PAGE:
Council Tax Arrerars
You might be able to challenge a council tax bill if you think the property is permanently exempt from council tax (e.g. student halls), if the property is temporarily exempt, or if you simply don’t think you’re liable for it. However, you will usually be liable to pay the council tax for the property you live in; if you live with other people, then you will be jointly liable for the full amount.
If you signed the mortgage agreement, then you'll be liable for any mortgage arrears. If you signed the agreement with someone else, then you'll both be jointly liable for any arrears. Your mortgage company has to contact you within six years of the house that you took out the original mortgage on being sold to ask you to repay any arrears. If they don’t take action within the limitation period, your mortgage company won’t be able to take you to court to pay the money back. The limitation period can vary from country to country, please seek independent debt advice for more information.
These bills cover things like your gas, electricity and water utilities. If you signed the contract with the gas or electricity company or requested the supply, you'll usually be responsible for paying the energy bill. You’ll be responsible for the water bill where you live, and everyone who lives with you will be jointly liable, even if their name isn’t on the bill. If you think your bill is wrong, you should always contact your utility company and explain why you think it’s wrong.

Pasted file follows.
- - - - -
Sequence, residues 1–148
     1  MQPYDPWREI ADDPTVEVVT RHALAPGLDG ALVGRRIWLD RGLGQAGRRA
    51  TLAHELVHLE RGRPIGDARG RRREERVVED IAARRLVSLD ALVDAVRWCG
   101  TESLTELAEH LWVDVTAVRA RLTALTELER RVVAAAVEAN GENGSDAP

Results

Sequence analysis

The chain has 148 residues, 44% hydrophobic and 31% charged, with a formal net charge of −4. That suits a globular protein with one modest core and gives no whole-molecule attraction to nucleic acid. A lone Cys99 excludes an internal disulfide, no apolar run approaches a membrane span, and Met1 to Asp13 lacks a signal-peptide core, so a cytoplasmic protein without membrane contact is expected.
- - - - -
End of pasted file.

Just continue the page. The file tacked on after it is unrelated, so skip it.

The emotional side of being in debt
Being in debt is of course not a nice thing for anyone to have to go through, and it can really take its toll on you mentally and emotionally. At any point during the debt repayment process you should make sure to seek help from any avenues you can find; either from debt advisors, friends, family or anyone else you can think of that you think might be able to offer you some emotional support.
Making sure to remain organised and proactive while dealing with debt is another great way to avoid being overwhelmed. For more information on how to deal with the emotional side of being in debt, you can visit the pages listed below which offer some useful advice and resources:
Hopefully this guide has shown how you should approach the repaying of your debts, some of the technical differences between different types of debt (such as whether you are liable or not), and how you can challenge debts that you feel are unfair or unjust.
As a next step, you can read our Guide to Budgeting for more information on how you can create a monthly budget to help out with understanding all of your fixed income and outgoings, and how to manage these alongside your debt repayments